The Broken Hearts Gallery isn’t a movie that would normally blink too hard on my radar, but there’s one reason it did and one reason why it’s pretty great. Star Geraldine Viswanathan is tremendous in a plucky, vulnerable, expressive role as Lucy, a young woman who does what a lot of us do when we endure a bad break-up: she holds on to things that remind her of the relationship. It’s a common rom-com trope for the person who can’t stand to move forward in life, so they keep things as mementos. In the case of Lucy, what could be seen as a severe case of emotional stagnation is full of charm, wit, and spirit.
A breakout star of the racy teen comedy Blockers, Viswanathan is perfectly-cast as Lucy, an offbeat, hopelessly romantic New York City art gallery assistant with big dreams. She’s a familiar character in a lot of ways, there are certainly no shortage of movies about lovelorn New Yorkers with a creative spirit, but played by Viswanthan she becomes someone wholly new. Yes, some of it does have to do with seeing a person of color in such an archetypal role. Geraldine’s father is of Indian descent, her mother from Switzerland. The Australian-born actress has an energy all her own, which makes it easy for us to fall for Lucy and her numerous romantic mishaps.
Lucy’s hope of opening her own art gallery gets derailed after a drunken incident at a company event to introduce her older boyfriend Max (Utkarsh Ambudkar, because he seems to show up in every quirky rom-com lately), who has a very different sort of agenda, one that furthers his career at her expense. She loses her job and her relationship all in the same night, and begins to do what she does best: wallowing in her depressing trinkets of past loves. Her best friends, the vintage chic Nadine (Phillipa Soo) and weirdo Amanda (Molly Gordon), convince Lucy to stop hoarding and to get rid of her junk, once and for all.
So how does one dump a lifetime’s worth of emotional baggage in physical form? That’s where Nick (Stranger Things‘ Dacre Montgomery) comes in. Meet cutes abound with these two. Lucy ran into Nick on her drunken escapade by mistaking his car for a rideshare. They keep bumping into one another, and every time Lucy unloads her burdens onto him, which he accepts with a mixture of terror and genuine concern. When they finally start to have a real conversation, it’s clear they have more in common than expected. He’s a dreamer in his own right, and his thrown everything into the construction of the Chloe Hotel. It soon becomes a place where Lucy displays items from other broken-hearted individuals, looking to unburden themselves the way she has.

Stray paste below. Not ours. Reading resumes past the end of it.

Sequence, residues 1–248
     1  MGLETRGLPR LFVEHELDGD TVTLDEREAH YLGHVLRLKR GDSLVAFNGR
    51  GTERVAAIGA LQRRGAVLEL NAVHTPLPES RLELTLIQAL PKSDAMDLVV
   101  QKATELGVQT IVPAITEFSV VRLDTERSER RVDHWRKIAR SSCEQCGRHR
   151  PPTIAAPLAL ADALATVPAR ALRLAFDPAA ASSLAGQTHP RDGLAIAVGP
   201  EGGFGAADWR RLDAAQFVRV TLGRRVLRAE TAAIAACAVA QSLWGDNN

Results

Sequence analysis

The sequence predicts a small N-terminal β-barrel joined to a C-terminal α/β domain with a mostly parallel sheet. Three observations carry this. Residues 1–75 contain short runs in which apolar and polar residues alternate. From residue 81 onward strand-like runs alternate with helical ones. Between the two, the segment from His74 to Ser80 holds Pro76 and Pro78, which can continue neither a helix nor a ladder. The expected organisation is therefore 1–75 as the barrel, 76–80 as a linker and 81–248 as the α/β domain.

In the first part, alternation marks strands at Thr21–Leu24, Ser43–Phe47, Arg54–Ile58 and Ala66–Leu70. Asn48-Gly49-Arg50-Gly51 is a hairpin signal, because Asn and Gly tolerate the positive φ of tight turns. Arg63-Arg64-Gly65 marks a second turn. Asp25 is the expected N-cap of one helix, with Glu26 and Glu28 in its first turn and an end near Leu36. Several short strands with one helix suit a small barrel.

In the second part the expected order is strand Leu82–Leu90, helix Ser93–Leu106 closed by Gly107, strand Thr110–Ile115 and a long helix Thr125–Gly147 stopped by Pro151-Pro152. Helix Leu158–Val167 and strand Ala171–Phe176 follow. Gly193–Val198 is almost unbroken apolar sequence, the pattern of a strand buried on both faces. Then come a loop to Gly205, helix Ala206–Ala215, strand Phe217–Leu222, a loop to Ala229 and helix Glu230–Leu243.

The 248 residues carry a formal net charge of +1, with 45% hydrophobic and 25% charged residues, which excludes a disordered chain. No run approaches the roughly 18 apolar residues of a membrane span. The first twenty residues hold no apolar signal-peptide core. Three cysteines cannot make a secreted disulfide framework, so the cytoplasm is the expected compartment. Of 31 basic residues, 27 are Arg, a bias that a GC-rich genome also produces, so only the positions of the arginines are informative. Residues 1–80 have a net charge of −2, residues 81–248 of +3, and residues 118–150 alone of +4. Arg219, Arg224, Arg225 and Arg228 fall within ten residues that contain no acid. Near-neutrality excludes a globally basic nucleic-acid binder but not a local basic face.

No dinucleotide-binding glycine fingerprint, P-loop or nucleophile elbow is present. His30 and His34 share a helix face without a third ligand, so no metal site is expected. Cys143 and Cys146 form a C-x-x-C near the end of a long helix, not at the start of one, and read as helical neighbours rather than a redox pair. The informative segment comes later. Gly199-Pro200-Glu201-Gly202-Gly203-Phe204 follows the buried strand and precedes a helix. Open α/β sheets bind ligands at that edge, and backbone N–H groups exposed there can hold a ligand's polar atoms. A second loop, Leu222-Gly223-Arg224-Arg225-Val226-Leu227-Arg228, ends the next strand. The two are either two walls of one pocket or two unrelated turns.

Marking the debut of writer/director Natalie Krinsky, The Broken Hearts Gallery‘s greatest strength, other than its diverse cast, is the value it places on sincerity. What makes Lucy such an easy character to adore is that she isn’t afraid to be open with others, to share when she’s in a moment of pain, and to make it clear what her feelings are towards them. Yeah, she’s also a bit rough around the edges, but Lucy makes no apologies for it. She embraces it. While the men in her past may look at her as an exciting diversion, Lucy is the real deal for anybody who takes the time to notice. Surprisingly, given his bad boy role on Stranger Things, Montgomery is about as sweet and kind as it gets as Nick, and yet he’s never the bland, milquetoast dude that populates too many similar rom-coms. This despite a final act attempt to try, giving him a previously-unseen musical talent that provides a well-timed “Aw shucks” moment, and a backstory this side of sappy.
It’s refreshing to see Lucy and Nick slowly grow closer, not because of lame sitcom hijinks (although there’s some of that), but through shared purpose, a lot of alcohol, and the occasional karayoke night. There’s no denying their inevitability, but the journey to getting there is tremendously fun, and develops naturally as they get to know one another. They learn about each other at the same time we do, an effect that hasn’t happened too often outside of Richard Linklater’s Before Sunrise movies.
While undeniably formulaic at times, The Broken Hearts Gallery pulls from one of the great all-time rom-coms, When Harry Met Sally, for a bit of inspiration. Splitting up the narrative are individual stories of past break-ups, some told in documentary-style interviews by friends of Lucy and Nick’s, but also strangers who have ventured into the gallery. These tales help breathe life into the film and make it feel bigger, bringing to realization everything that Lucy is working towards.
A broken heart has been fuel for creative passions since the beginning of time, but it’s rewarding to have a film that expresses it in the helping of others. The Broken Hearts Gallery may not be reinventing the genre, but this is one break-up story that ends on a hopeful note, and will leave you happier than when it started.